Is Sergio de la Pava‘s A Naked Singularity the first great self-published novel of the new century? Aren’t you at least a little bit curious?
“Many black parents tell black children to strive; to seize opportunities that will enable upward mobility. However, they also give their children a poison capable of eroding black children’s innocence. They tell them to be twice as good; that there is no room for failure or mistakes.” Nicole Dennis-Benn, author of Here Comes the Sun, writes about how black children are denied the privilege of innocence.
Out this week: Ninety-Nine Stories of God by Joy Williams; Sarong Party Girls by Cheryl Lu-Lien Tan; Pond by Claire Louise-Bennett; Break in Case of Emergency by Jessica Winter; The Heavenly Table by Donald Ray Pollock; Miss Jane by Brad Watson; The Trouble with Goats and Sheep by Joanna Cannon; and The Invoice by Jonas Karlsson. For more on these and other new titles, go read our Great Second-Half 2016 Book Preview.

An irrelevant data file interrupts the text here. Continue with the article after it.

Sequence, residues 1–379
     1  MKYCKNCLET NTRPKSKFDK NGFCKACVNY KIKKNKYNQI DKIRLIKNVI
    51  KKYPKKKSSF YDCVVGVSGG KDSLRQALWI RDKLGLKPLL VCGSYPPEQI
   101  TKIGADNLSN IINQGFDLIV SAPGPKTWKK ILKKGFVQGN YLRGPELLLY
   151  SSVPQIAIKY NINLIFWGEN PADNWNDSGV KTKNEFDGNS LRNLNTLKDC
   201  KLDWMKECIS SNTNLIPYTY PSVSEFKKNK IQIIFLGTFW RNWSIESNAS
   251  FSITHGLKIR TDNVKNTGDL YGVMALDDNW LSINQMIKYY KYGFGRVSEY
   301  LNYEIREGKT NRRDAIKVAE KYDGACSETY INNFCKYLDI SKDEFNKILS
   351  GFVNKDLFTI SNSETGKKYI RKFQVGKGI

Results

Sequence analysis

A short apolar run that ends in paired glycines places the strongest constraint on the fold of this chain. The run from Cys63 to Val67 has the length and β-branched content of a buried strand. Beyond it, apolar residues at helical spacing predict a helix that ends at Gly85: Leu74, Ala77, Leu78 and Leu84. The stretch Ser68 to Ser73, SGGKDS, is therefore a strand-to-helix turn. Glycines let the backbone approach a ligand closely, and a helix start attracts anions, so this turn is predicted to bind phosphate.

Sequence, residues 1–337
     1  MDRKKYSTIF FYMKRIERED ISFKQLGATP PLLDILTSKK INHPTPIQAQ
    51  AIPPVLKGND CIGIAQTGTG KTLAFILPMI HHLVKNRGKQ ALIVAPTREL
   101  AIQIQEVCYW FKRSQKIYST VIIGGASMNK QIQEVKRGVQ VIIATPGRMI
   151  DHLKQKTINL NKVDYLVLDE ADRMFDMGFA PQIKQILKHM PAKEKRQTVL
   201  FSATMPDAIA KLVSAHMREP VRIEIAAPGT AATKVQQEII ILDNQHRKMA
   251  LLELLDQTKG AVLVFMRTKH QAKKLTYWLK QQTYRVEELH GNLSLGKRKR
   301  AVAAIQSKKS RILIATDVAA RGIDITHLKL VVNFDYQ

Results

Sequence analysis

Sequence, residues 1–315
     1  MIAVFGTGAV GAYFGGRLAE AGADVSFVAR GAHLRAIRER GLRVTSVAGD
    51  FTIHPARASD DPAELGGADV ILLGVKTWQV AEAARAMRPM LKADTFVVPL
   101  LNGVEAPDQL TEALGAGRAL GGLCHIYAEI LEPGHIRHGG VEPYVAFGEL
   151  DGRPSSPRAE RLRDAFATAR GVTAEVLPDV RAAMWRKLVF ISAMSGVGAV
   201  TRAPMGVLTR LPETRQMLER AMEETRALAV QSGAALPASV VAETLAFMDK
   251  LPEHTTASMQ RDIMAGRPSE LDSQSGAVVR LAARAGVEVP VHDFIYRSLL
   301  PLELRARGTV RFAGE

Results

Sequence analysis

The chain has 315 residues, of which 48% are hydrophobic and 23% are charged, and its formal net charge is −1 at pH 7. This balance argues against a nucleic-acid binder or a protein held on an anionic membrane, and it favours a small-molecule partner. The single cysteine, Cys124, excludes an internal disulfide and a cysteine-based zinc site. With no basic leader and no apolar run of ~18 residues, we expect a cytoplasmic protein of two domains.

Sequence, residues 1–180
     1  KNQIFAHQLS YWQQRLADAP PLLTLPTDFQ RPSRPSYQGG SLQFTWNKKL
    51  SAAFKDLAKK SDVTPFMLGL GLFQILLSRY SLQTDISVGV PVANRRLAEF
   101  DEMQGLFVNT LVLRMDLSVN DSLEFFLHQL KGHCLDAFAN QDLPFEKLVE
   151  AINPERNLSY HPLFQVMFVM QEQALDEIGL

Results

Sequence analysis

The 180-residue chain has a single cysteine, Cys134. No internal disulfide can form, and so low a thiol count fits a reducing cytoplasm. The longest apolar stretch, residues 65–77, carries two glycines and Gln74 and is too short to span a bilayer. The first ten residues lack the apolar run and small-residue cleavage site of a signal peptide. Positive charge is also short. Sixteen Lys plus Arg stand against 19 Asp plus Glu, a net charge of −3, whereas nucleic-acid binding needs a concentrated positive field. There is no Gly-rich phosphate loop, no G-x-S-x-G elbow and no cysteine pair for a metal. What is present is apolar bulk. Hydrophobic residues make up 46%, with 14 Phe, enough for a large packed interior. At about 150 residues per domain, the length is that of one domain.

Ian Crouch writes for The New Yorker about a new version of The Sun Also Rises, which gives readers a peak into Hemingway‘s drafts and revisions. Crouch believes that by reading these drafts carefully, one can pick out a “minor manifesto” that “conceives of a book with greater intellectual and artistic ambitions than Hemingway ever produced.” In the words of Hemingway’s character Jake Barnes, “Isn”t it pretty to think so?” Pair with our own review of the latest edition of The Sun Also Rises.